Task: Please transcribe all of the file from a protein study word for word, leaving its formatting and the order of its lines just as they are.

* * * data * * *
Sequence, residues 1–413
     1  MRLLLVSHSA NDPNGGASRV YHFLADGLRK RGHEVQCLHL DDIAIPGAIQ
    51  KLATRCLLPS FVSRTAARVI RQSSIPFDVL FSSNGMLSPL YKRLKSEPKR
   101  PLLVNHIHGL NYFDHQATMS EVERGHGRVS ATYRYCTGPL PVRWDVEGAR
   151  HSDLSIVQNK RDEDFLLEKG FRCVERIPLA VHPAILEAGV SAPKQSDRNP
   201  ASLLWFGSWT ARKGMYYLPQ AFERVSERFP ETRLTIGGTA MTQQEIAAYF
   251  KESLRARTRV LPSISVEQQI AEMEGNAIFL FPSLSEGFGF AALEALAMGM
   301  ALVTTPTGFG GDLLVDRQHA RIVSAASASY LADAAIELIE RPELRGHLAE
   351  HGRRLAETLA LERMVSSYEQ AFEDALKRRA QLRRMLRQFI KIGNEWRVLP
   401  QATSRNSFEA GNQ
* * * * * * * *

Sequence, residues 1–413
     1  MRLLLVSHSA NDPNGGASRV YHFLADGLRK RGHEVQCLHL DDIAIPGAIQ
    51  KLATRCLLPS FVSRTAARVI RQSSIPFDVL FSSNGMLSPL YKRLKSEPKR
   101  PLLVNHIHGL NYFDHQATMS EVERGHGRVS ATYRYCTGPL PVRWDVEGAR
   151  HSDLSIVQNK RDEDFLLEKG FRCVERIPLA VHPAILEAGV SAPKQSDRNP
   201  ASLLWFGSWT ARKGMYYLPQ AFERVSERFP ETRLTIGGTA MTQQEIAAYF
   251  KESLRARTRV LPSISVEQQI AEMEGNAIFL FPSLSEGFGF AALEALAMGM
   301  ALVTTPTGFG GDLLVDRQHA RIVSAASASY LADAAIELIE RPELRGHLAE
   351  HGRRLAETLA LERMVSSYEQ AFEDALKRRA QLRRMLRQFI KIGNEWRVLP
   401  QATSRNSFEA GNQ